For your blog to be attractive to potential readers, there are three things that matter in equal measure:
Of these three, the last one often gets the least attention. I can certainly understand that, after all most of us are happy to leave any and all rules on writing and grammar behind us once we’re done with school and college.
But bloggers don’t always realize just how important attractive writing is to readers. Sloppy writing can turn away potential readers in your niche, even when your content is exactly what they are looking for. That’s because obvious mistakes make you look like an amateur instead of the professional, expert image you were aiming for.
So what does attractive writing look like? Here are five rules for making sure your blog writing is attractive:
1. Good use of punctuation
Most of us have the use of a period (full stop) at the end of a sentence down, though one recurring infamous mistake is putting a period behind a headline. There’s still a lot of confusion however about the use of comma’s, apostrophes, colons and semi-colons. There’s no way I could explain each and every rule here, but if you know this is a weak spot of yours, invest in a good style book.
2. Good use of grammar
There are many well-known mistakes that keep popping up in blog posts, for instance:
- It’s vs its
- They’re vs their
- Advice vs advise
- Affect vs effect
- Except vs accept
- You’re vs your
For many of these, the rules are actually quite simple. Invest some time and energy in getting it right. We’ve actually blogged about this before highlighting three practical infographics with many grammar tips.
You may think that it doesn’t matter because people will get what you mean despite the mistake, but you couldn’t be more wrong. Readers won’t take you seriously if you keep making these – sorry for putting it like this – dumb mistakes.
3. Good use of words
Attractive writing is all about using the right words. There are vague words we need to stop using, like ‘thing’, ‘stuff’, ‘really’ and ‘very’. There are cliché expressions to avoid, empty phrases to be cut out and passive words that need to become active (example: ‘I ran to the office’ is far more active than ‘I went to the office’).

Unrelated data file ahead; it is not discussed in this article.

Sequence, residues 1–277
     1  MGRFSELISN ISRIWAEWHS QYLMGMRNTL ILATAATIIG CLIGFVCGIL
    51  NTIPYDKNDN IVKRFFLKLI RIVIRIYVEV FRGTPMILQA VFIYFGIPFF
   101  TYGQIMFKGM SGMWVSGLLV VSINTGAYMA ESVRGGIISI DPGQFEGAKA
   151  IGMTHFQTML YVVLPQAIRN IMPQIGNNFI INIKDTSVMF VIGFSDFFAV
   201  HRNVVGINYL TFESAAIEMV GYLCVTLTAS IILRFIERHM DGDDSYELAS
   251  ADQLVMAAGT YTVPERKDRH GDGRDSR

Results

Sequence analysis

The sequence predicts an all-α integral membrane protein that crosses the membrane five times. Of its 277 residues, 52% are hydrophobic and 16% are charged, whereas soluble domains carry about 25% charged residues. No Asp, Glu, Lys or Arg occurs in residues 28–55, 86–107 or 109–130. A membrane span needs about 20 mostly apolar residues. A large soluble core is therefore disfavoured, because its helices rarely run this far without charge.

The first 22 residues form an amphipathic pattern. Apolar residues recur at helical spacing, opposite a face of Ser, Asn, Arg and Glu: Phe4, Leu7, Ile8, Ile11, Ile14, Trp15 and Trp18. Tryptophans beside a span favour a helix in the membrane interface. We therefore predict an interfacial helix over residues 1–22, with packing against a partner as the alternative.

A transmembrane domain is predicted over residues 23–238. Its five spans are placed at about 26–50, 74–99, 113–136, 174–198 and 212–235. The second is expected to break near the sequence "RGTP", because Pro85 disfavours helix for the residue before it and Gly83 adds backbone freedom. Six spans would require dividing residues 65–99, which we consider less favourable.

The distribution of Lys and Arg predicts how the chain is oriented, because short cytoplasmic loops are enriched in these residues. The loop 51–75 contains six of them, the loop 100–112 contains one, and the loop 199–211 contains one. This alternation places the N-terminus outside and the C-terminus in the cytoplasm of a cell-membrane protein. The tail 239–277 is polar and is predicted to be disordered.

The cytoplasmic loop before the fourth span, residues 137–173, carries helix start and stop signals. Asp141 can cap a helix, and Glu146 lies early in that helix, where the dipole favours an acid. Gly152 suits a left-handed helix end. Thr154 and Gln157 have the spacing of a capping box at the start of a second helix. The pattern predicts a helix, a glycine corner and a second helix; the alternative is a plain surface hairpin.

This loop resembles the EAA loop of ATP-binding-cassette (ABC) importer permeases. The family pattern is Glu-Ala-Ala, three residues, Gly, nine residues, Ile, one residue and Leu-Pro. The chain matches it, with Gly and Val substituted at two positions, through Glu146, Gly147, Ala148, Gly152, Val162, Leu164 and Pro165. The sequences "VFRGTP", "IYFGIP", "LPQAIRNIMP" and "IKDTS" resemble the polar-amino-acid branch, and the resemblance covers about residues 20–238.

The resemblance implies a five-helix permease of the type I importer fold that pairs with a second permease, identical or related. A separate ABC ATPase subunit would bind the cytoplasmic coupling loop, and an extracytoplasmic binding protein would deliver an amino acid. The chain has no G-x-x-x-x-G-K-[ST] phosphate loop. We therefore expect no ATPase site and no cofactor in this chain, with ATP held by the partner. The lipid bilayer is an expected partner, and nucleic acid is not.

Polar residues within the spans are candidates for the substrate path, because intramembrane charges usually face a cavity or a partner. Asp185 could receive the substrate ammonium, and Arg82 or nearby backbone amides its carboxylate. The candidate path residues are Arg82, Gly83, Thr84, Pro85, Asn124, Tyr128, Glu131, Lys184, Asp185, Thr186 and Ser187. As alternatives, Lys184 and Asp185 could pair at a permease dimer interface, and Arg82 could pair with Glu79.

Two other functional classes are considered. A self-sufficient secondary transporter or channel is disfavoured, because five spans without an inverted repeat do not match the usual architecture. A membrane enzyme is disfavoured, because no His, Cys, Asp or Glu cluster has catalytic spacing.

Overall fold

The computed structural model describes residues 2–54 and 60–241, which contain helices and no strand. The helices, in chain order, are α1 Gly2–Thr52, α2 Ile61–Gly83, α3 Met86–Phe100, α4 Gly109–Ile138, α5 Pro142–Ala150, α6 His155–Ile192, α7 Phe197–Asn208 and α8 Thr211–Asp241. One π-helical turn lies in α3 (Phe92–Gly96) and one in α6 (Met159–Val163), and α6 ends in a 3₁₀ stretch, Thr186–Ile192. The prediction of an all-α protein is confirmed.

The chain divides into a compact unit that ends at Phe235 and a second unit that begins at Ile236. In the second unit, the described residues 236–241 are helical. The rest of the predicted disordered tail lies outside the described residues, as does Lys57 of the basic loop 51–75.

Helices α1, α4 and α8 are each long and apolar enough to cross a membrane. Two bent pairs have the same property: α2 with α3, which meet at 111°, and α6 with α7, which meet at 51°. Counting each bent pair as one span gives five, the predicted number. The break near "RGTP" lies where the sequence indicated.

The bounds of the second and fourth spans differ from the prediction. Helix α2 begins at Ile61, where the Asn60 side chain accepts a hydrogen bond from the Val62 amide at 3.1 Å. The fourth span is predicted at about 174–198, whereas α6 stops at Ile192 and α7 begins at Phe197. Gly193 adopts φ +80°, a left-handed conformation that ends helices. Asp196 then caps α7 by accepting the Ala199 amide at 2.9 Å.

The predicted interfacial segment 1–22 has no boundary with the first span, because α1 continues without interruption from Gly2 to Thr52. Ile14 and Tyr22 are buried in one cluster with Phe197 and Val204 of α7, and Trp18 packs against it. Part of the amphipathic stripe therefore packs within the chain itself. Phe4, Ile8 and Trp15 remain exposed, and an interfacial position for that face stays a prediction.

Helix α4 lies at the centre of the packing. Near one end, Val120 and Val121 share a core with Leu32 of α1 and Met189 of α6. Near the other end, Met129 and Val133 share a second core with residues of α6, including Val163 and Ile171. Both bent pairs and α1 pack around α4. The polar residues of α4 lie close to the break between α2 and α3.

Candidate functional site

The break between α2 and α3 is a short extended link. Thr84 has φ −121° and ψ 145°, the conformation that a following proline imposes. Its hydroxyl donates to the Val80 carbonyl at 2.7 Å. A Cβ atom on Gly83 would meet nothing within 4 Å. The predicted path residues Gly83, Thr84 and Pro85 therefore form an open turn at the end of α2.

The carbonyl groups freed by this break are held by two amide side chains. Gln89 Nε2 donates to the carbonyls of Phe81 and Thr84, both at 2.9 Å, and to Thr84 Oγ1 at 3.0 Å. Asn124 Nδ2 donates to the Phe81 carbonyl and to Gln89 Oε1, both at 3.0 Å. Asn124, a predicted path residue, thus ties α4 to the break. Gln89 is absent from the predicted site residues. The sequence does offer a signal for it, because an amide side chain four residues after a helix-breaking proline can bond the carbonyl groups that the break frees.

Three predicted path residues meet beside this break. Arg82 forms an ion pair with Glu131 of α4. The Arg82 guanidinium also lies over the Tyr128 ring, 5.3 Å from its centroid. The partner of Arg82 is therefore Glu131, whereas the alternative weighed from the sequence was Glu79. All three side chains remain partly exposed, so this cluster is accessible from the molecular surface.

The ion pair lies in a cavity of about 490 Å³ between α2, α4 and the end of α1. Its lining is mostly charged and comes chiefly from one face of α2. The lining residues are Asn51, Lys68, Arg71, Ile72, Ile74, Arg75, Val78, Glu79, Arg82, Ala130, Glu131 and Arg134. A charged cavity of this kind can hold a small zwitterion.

The trick is to spend time defining what it is we want to say and then come up with those words that express exactly that. Not a cliché, passive, non-inspiring version of it, but exactly what we wanted to say in the first place.
4. Good use of paragraphs
I’ve written a whole post on using paragraphs to make your point, so let me just suffice by saying that an effective use of paragraphs will make your posts scannable, readable and professional.
5. Good use of rhythm
One of the things that’s hardest to ‘get’ for bloggers is the rhythm that comes with writing. A good rhythm isn’t easy to define, it’s one of those famous ‘I know it when I see it’ cases. Rhythm is about mixing short and long words, shorter and longer sentences, about playing with words and even using some rhetorical devices.
There are no hard rules for a good rhythm, also because it has to fit your writing style and your topic and niche. But it is something that you can check by trying to read your blog post out loud. How does it sound? Is it easy to follow, does it hold your attention, is there flow when you read it? If not, chances are you need to work on your rhythm…
What could you do to improve the quality and attractiveness of your writing?